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David Mullen ASC

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About David Mullen ASC

  • Birthday June 26

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  1. The foam may have had a dual purpose of dampening sound...
  2. You could get fine-grained results on 80s high speed stock at night as long as you didn't underexpose them too much. And 5247 with a one-stop push wasn't that grainy. Again, it's all about the degree of underexposure. If you ended up printing your footage in the 30s, it was going to look finer-grained than if it printed in the teens. But you need more light if you are going to be able to expose enough to print night work above the teens in the scale. So these night scenes usually used fast lenses and additional lighting. Most people would say that "high-speed" film was introduced in 1981 with a type of Fuji 250T, followed quickly by the first 5293 250T (not the late 90s 5293). You could see the change in the Oscar nominations for 1982 movies for cinematography: Gandhi (all 5247), Sophie's Choice (5247 and fast 5293), Tootsie (fast 5293), E.T. (all 5247), Das Boot (fast Fuji).
  3. There are free FOV calculators online. You can also use your smart phone on the location and a director's viewfinder app like Artemis or Cadrage, there are quite a few (not free though.) APS-C is the same sensor size as Super35 so you could also take an APS-C still camera with a zoom to the location and determine the likely focal-length. (Of course, you could use any camera format and then calculate the crop factor to find the equivalent focal length...)
  4. You'd probably have to work with photometric data of lamps based on foot-candles. Inverse square law comes into play; unfortunately one aspect of lighting through windows is that the natural slow fall-off of natural light is replaced by the faster fall-off from artificial lighting outside the window, which cannot be as far away are the sky and sun. But obviously the bigger and farther you can get, the slower you can make the fall-off rate. I'm afraid that practically what tends to happen is that you get the largest lights you can afford and can rig, even if they are not enough. Yes, experience sometimes tells you when something will be overkill.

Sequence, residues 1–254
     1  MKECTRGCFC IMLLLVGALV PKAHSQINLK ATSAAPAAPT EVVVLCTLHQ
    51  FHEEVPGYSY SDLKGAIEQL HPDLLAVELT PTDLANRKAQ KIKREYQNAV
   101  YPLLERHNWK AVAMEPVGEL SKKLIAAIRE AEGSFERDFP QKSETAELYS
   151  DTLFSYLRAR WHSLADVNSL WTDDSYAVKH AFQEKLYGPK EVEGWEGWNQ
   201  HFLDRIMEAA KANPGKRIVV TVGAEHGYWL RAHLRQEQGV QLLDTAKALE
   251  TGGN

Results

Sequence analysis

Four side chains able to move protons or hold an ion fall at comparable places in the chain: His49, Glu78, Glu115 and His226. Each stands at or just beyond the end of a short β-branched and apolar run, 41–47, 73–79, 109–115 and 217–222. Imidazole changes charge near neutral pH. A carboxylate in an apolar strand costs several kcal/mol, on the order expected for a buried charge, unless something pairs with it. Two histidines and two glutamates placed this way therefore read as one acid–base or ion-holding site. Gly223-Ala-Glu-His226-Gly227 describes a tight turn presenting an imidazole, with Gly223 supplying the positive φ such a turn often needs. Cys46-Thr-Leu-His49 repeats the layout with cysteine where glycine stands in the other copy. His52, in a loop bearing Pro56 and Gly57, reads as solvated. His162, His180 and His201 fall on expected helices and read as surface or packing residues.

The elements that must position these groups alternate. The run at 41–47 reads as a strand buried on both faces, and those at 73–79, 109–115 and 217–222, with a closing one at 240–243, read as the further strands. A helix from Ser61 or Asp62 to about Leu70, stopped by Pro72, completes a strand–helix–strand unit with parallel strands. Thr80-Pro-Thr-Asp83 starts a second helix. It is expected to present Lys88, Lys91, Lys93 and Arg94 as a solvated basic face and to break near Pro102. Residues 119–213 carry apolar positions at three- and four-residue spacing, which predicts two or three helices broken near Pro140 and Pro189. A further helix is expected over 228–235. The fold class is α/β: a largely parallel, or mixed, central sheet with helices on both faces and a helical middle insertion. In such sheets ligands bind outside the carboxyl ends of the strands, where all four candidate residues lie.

5. Yes, use black on the camera, dolly, crew, and wall behind the camera, cut the light off of that area, and minimize who can be in the room (park the director & monitor behind the black wall, not in front of it, etc.). Shallow focus will help.
  6. What I was referring to is that occasionally Kaminski will smear a little Vaseline or something oily on the edge of the filter in front of the lens. I've done something similar in the past. A more subtle version is John Seale using an oily fingerprint on some glass in front of the lens to soften a close-up, as seen in "The English Patient".
  7. A lot of “Citizen Kane” was shot on 24mm Cooke but a 35mm was the more common wide-angle lens used. (35mm was also the widest prime that could be used on a 3-strip Technicolor camera, but a few times a wide-angle attachment was used to get wider, with mixed results.) 40mm and 50mm were popular, sometimes a 75mm for close-ups.
  8. Well, technically you can't get use all of Full Aperture with a 2X anamorphic lens on a 4-perf camera because that would be a 2.66 : 1 frame, not 2.35 : 1. But it is common today to shoot framed for 2.35 centered on Full Aperture rather than offset for a soundtrack, but I don't know if anyone calls that "Super Anamorphic". But it sounds like you can use a Full Aperture / Silent 4:3 groundglass.
  9. I know an AC who worked for DP Nicola Pecorini on it before William Fraker was brought in, but I thought there was a third DP also, maybe as an interim? Maybe there was only the two listed.
  10. IF you want maximum softness you have to fill the frame evenly without hot spots, but there’s no rule that you have to achieve maximum potential softness anymore than you have to use the heaviest diffusion gel in front of a light.
  11. Fogs, Double Fogs, and Low Cons were particularly popular in the mid-1970s.
  12. With b&w film, the difference is only 1/3-stop in terms of extra sensitivity to daylight (or lower sensitivity to tungsten.) But this isn't a factor if you are shooting digital. In terms of color contrast response, since you're shooting in color, it doesn't matter much either. I wouldn't worry about mixing the lights. And you can switch your monitor to b&w to judge the results.
  13. I remember that ILM used to burn steel wool (like in Brillo Pads) to create the effect of burning embers inside a spaceship that was on fire. But yes, maybe hi-contrast images of a dusty negative of a white field (so black) running through a telecine / scanner could be manipulated... Or create an interference pattern (moire) by sliding two screen patterns of backlit art of points of light.
  14. You should be fine. If you see the new HBO Camera Assessment Series, the classic Alexa (Mini) is their gold standard for testing and it held up in the 4K DCP presentation at the Linwood Dunn Academy theater I saw, on their large screen, it was not noticeably softer than the other cameras tested (Alexa 35, Sony Venice 2, Red V-Raptor, Blackmagic 12K). And I was sitting in the second row.
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